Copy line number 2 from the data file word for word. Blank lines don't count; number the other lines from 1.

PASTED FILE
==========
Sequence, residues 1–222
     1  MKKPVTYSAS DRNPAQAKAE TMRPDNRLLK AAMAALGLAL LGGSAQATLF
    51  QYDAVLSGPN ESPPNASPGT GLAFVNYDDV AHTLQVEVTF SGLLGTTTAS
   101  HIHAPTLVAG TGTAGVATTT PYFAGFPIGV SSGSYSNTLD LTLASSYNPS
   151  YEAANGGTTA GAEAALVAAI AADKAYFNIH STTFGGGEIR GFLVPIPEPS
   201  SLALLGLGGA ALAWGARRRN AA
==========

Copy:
     1  MKKPVTYSAS DRNPAQAKAE TMRPDNRLLK AAMAALGLAL LGGSAQATLF